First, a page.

WASHINGTON (Reuters) – World oil prices could triple if the diplomatic standoff over Iran’s nuclear program escalates into a military conflict, Saudi Arabia’s ambassador to the United States said on Tuesday.
Assuming oil prices were at current levels near $70 a barrel at the time of an attack, “You would see that (oil price) perhaps double or triple as a result of the conflict,” Prince Turki Al-Faisal said at a press conference hosted by the United States Energy Association.
“The idea of somebody firing a missile at an installation somewhere will shoot up the price of oil astronomically,” Al-Faisal said.
Saudi Arabia is the world’s biggest crude oil exporter and the leading voice within the Organization of Petroleum Exporting Countries.
Oil traders have been worried that Iran, OPEC’s second biggest oil producer, may halt exports if there is an escalation in the dispute over the Islamic republic’s nuclear program.
President George W. Bush continues to emphasize diplomatic efforts, although he has declined to rule out military options should talks fail.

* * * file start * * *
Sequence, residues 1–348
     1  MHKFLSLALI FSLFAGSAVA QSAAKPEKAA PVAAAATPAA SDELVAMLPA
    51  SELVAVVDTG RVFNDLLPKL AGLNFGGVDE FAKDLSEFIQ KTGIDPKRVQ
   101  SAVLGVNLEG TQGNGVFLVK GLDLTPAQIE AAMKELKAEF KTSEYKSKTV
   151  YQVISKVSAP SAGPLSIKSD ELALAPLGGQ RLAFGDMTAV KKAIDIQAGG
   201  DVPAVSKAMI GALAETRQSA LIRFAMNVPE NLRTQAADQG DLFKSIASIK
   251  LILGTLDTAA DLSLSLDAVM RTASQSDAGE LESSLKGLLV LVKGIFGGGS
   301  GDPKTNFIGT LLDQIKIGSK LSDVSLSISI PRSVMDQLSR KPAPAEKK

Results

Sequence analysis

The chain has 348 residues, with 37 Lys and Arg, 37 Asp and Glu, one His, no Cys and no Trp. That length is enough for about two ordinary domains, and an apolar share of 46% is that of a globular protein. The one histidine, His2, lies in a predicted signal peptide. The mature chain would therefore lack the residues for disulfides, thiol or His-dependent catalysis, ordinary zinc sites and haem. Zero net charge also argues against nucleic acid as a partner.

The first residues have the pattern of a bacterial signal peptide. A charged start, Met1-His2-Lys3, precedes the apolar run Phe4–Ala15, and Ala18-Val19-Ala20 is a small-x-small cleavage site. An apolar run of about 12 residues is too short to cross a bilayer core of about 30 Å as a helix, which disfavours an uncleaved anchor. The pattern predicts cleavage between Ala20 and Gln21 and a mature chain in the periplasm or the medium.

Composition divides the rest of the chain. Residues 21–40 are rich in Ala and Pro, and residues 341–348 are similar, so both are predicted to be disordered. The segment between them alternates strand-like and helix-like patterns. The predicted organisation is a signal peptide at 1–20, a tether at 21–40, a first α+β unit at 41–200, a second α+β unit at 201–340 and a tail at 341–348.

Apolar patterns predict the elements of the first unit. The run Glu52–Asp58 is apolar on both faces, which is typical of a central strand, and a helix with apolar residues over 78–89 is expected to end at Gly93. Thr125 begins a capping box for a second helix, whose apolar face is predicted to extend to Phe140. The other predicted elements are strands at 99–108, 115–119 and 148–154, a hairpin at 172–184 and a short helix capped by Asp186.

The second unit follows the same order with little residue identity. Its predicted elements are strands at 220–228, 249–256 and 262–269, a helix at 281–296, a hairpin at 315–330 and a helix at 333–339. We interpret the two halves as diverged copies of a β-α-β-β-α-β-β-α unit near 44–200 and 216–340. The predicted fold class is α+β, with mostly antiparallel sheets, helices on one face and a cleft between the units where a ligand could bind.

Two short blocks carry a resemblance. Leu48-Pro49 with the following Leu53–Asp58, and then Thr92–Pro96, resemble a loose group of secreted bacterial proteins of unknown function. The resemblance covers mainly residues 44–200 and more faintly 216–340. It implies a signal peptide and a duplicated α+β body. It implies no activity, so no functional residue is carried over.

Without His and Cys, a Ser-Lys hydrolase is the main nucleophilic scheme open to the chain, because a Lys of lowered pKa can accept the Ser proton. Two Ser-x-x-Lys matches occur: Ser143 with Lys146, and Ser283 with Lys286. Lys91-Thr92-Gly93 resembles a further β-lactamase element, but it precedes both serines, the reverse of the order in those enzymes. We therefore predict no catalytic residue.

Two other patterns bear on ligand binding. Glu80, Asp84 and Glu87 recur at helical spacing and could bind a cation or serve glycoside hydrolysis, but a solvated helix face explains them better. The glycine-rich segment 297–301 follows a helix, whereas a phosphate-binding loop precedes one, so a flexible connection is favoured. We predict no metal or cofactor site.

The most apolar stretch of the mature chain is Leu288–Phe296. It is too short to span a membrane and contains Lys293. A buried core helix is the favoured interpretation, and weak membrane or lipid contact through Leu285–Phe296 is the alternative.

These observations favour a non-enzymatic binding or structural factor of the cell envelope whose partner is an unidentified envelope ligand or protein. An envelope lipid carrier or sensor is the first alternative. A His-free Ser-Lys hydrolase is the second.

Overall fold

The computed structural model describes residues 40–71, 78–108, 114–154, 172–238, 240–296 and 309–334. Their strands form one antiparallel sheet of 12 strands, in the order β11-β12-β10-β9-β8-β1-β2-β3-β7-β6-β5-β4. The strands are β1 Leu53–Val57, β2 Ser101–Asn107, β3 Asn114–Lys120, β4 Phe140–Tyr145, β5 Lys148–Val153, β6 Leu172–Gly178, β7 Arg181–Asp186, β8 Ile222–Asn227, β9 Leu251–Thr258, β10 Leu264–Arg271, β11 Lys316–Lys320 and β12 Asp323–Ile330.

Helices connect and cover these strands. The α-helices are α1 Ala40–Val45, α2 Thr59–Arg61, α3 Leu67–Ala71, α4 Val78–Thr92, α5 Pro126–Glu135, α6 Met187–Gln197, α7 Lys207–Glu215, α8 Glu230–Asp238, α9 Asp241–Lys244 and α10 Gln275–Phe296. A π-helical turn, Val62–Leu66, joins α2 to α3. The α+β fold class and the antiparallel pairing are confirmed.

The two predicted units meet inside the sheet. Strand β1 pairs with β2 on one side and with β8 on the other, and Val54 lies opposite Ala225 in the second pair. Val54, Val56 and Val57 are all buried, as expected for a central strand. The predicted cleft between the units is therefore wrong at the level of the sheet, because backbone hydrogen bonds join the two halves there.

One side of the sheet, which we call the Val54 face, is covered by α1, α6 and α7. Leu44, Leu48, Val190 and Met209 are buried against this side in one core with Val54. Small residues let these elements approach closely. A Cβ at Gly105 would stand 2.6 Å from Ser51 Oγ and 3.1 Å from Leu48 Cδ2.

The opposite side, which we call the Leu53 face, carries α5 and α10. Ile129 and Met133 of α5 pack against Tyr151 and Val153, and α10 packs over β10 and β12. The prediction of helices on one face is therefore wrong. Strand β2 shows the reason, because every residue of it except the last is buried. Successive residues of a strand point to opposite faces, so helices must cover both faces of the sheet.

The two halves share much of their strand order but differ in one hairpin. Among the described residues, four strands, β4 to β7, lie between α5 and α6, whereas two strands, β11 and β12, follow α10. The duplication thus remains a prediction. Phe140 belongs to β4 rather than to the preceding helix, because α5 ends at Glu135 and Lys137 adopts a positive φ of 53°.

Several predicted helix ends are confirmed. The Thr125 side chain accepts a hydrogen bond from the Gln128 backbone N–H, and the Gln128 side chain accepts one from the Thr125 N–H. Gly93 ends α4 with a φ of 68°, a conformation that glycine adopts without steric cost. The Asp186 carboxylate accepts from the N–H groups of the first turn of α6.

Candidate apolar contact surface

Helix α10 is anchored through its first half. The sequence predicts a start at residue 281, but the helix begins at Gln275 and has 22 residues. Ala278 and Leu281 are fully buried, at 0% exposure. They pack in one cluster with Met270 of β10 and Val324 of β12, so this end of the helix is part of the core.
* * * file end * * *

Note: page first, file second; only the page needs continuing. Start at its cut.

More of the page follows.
Tehran has yet to respond to an offer made by world powers to end the standoff, but it said on Sunday a “positive atmosphere” had been created that could help resolve the dispute.
Because all Middle East producers depend on the Strait of Hormuz to get their oil to market, military action in Iran would jeopardize the entire region’s oil flows, Al-Faisal said.
Oil flows through the strait account for roughly two-fifths of all globally traded oil, according to the U.S. Energy Information Administration.
Some 17 million barrels of oil are carried through the narrow channel on oil tankers every day, according to the International Energy Agency.
If there was an attack on Iran, “the whole Gulf will become an inferno of exploding fuel tanks and shot up facilities,” Al-Faisal said.
In such an event, the kingdom would “hopefully defend our oil installations as best as we can,” he said.
Al-Faisal said terror attacks on Saudi oil targets were a constant threat, but said the kingdom has instituted rigorous security procedures to prevent them.
Nawaf Obaid, managing director of the Saudi National Security Assessment Project in Riyadh and a private security and energy adviser to Al-Faisal, said the kingdom has budgeted more than $2 billion in 2006 for oil facility security.
That figure has steadily risen from $1.2 billion in 2004 and $1.5 billion in 2005, Obaid said in a recent report.
In February, the kingdom’s Abqaiq facility — the world’s largest oil processing plant — was attacked in a failed effort by al Qaeda.